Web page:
Growing new eyes


by Meghan Kofod and Maria Droujkova



I thought of you when looking up this plant: cgi-bin/hawaii?Plants.hapuu

The description made reference to its unfurling in a fractal-like pattern!

Thank you for the link, Meghan! What a neat, weird plant!

Once you become aware of a math topic, it SUDDENLY starts to come up everywhere you look. We recently talked about it with Hope from our math club - for her, the recent math topics were patterns and stars. It feels quite trippy when the world around you is suddenly full of math objects of a particular kind. My daughter calls it "growing new eyes" - she would ask: "Was I blind before or what? How could I not notice this everywhere?!!"

My latest (it came up yesterday) notice-math topic is "chirality" - objects that have almost the same structure, but are mirror images or "inside-out" images of one another, like left and right glove. Chirality
Image by

Everybody - what topics helped you to grow new eyes and notice math around you?

Abstract algebra of juggling

by Mike South
Abstract algebra was a complete life changer for me when someone explained it to me for the first time. I think it was in context of juggling and how to look at juggling throws as examples of operations on the symmetries of a triangle. I was hooked (lined and sinkered, too). I still think of that as the first time I really "saw" math, like saw math for what it was (consider that I was halfway through a bachelor's in physics, so I had been exposed to a lot of math up to then, but pretty much only the very narrow selection used in the standard science toolkit.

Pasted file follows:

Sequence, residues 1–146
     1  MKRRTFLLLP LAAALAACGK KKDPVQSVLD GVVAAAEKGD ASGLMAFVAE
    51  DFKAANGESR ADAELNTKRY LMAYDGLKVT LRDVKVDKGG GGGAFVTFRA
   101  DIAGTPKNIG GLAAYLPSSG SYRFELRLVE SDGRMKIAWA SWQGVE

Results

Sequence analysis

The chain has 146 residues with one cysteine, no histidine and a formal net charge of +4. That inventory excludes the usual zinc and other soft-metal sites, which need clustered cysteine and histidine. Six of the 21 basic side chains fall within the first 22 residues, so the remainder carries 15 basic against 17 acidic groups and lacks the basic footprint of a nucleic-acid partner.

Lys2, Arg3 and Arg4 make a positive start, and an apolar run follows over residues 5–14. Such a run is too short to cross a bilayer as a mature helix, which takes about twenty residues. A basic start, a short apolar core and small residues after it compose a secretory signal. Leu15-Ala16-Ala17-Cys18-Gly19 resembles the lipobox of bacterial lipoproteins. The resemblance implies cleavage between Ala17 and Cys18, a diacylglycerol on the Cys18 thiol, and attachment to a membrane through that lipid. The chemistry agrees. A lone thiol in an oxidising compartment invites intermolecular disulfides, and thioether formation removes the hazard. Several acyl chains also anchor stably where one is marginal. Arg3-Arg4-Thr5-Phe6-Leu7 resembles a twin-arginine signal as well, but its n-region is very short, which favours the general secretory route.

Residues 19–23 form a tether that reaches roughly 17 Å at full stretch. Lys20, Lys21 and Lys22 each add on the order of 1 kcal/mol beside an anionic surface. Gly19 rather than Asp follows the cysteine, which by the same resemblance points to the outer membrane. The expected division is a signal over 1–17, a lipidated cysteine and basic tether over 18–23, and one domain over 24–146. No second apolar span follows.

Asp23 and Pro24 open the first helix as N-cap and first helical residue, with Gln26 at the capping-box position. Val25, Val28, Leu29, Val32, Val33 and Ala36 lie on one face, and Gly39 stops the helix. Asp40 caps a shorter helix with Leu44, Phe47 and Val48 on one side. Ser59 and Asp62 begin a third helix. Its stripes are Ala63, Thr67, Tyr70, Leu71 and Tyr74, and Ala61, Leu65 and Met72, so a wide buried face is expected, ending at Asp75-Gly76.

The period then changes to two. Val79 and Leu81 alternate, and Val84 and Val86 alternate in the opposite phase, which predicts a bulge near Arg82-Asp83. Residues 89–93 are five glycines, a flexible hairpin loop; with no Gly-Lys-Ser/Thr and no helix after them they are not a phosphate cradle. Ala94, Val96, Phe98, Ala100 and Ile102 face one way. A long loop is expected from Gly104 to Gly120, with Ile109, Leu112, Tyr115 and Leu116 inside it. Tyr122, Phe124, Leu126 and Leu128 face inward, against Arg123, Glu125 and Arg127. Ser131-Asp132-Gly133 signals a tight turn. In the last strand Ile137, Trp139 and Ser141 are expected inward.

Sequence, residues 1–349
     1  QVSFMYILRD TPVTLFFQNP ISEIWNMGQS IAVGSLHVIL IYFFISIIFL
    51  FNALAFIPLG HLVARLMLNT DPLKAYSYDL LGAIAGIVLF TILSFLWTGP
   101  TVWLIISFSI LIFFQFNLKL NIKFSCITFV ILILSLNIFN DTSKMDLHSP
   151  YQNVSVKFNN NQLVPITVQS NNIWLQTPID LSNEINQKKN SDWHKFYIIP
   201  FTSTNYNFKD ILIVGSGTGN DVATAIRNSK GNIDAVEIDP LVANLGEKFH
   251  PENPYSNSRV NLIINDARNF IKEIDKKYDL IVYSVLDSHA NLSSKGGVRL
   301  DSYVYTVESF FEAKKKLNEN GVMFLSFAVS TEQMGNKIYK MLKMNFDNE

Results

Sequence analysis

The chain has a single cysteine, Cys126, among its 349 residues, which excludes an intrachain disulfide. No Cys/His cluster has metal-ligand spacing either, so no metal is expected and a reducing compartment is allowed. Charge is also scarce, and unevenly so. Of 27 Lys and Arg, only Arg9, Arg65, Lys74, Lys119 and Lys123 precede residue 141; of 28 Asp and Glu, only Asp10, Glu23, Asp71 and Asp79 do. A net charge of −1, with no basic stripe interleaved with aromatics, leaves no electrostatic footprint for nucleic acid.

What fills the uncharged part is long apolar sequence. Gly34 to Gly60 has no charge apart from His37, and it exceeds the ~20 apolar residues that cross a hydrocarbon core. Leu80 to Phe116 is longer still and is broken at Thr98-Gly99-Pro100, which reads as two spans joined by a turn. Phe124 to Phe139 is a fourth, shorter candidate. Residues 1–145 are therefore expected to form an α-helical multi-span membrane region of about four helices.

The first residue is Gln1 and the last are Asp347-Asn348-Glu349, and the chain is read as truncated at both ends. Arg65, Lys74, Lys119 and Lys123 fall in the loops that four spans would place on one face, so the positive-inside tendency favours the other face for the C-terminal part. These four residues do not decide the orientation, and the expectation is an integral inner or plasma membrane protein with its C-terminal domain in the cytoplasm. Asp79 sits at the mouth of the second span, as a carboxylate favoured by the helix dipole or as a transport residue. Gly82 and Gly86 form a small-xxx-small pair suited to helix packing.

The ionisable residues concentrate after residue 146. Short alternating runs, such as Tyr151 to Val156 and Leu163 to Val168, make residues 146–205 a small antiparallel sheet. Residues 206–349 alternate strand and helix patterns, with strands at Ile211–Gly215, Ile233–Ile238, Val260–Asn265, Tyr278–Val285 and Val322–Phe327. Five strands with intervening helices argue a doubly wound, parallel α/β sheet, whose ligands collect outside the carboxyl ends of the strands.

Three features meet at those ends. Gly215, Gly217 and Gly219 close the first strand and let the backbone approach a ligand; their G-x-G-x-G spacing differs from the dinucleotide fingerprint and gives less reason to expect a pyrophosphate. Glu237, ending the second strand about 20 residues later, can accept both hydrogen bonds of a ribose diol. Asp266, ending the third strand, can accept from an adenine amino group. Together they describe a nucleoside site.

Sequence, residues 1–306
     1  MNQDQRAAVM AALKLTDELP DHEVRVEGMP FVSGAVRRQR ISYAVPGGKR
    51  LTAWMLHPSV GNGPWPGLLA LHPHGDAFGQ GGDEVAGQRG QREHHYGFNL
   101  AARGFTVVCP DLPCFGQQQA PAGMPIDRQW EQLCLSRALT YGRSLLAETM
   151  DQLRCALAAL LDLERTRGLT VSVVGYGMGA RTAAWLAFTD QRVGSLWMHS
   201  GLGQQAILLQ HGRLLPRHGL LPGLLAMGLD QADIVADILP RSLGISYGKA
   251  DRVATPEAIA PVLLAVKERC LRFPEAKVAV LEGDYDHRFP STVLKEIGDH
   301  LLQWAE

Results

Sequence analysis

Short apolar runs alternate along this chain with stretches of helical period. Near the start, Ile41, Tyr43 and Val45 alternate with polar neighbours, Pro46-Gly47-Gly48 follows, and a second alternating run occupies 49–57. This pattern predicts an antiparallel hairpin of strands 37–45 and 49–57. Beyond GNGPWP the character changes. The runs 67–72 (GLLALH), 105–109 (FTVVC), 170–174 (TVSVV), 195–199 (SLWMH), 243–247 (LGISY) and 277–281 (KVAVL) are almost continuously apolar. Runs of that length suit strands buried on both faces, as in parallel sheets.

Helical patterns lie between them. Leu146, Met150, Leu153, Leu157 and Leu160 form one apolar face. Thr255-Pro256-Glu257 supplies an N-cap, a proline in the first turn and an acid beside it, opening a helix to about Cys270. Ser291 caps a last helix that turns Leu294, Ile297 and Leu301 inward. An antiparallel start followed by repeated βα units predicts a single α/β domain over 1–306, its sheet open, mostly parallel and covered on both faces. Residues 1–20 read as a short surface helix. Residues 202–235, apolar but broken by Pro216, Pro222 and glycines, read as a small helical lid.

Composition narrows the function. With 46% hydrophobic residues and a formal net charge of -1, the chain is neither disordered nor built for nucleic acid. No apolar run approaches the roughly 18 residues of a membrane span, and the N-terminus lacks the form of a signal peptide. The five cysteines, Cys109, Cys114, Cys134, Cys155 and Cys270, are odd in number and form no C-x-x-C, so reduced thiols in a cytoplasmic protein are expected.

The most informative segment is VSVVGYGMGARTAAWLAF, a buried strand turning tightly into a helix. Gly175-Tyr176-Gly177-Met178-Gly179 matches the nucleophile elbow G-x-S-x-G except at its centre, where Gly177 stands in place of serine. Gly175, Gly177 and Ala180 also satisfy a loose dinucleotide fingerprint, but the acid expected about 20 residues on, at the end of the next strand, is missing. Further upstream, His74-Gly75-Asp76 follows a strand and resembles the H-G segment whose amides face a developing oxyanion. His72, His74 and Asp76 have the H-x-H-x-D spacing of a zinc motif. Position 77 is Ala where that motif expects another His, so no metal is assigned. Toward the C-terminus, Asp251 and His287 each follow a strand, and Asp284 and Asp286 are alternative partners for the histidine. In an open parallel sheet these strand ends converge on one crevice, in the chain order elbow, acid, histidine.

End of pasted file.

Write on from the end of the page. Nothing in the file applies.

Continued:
It was like having only heard military marches all your life and then someone playing you rock, and hinting to you about classical, blues, jazz, etc. You suddenly realize that there's another universe out there.

Anyway, back to the "eyes" thing (or as Devlin put it, "Making the invisible visible"), the pull chain on a ceiling fan is an example I have used before of something that became visible to me via abstract algebra. It's an example of a simple algebraic group, where the only element you get to work with directly is "+1". In a fan with "off, high, medium, low" settings, that means you pull once to go to high, pull again to go to medium, pull again to go to low, and pull again to go to off. But what if you weren't sure about whether you were at medium or low, and you pull, thinking...."is that off, or did it just switch to low?" so you pull it again...and it was off, just still turning, so you're back on high.

What do you need now? -1. You want to go back to off. There's no way to go backwards, directly, but if you know that the inverse of 1 in this group is 3, you can just pull the chain three times and walk away.

Another example would be juggling with two people and six clubs. You have a couple standard patterns (like "everies" or "every others" where you throw either everything (in everies) or every other thing that lands in your right hand to the other juggler. Because of the way the timing works out, you can, instead, throw a left double early (throw it to the other juggler) and it will end up in his hand at the same time the later right hand throw would have got there.